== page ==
• Software + services will win
    • Without reaching the 10 million households (and hence 40-50
      million people) on broadband, the Indian internet hype will far
      exceed reality. Right now, only 2 million.
    • The Web -> My web. Personalization and Identity is ‘in’.
    • Advertising is a huge business model as ‘our competition’ has
      shown, so we’re getting into it.
    • jbindra at microsoft.com
    • jaspreet at jeeves.in
  • Mohit (Times Internet) on “Web2.I”

    • Glocalisation from dating to matrimonial sites
    • What about mobile WAP sites that speak out RSS feeds in Indian
      languages to the booming cellphone population?
    • Stormhoeks became unofficial wine of Silicon Valley because they
      shipped wine free to any geek dinner and everyone blogged about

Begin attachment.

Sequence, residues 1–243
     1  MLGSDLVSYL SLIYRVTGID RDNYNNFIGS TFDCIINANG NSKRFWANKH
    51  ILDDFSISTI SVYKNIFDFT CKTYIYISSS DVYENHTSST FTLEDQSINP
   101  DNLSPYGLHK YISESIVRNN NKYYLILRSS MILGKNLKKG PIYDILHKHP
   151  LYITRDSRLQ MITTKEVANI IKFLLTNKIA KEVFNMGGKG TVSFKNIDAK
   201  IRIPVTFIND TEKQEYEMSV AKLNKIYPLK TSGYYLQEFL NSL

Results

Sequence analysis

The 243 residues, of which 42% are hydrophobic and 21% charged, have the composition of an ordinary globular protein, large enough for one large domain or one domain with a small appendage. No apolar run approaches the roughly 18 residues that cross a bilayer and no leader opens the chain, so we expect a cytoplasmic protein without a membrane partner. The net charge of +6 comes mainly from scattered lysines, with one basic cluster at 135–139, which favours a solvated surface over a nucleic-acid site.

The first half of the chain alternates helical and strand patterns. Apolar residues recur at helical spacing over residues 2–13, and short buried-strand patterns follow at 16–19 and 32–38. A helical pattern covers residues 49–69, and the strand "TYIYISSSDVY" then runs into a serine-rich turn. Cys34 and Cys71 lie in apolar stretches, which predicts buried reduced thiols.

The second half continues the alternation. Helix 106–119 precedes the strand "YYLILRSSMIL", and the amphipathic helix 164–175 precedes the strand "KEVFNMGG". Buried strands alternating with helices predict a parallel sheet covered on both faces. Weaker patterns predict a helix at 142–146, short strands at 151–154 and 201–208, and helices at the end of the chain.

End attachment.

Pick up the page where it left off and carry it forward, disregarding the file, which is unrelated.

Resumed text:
• mohit.hira at indiatimes.co.in
    • Audience asks what about using TV for broadband and not wait for
      PC? Mohit says will your mom give up watching Kyunki so that you
      can surf, even if it is productive.
  • Naresh Gupta (Adobe) on “Rich Internet Applications”

    • More devices -> explosion in digital content -> personal
      publishing and social networks
    • Forms of engagement changed over the years : publishing ->
      electronic documents -> interactive media -> websites -> RIA.
    • RIA characteristics : Rich controls, Separation of data and UI,
      use of client side computing power to deliver richer UI, mash
      ups and custom user interfaces.
  • Naushad (Times Internet) on “Designing for and with community”

    • Emphasized importance of market research and idea
      conceptualization – that too much longer time than actual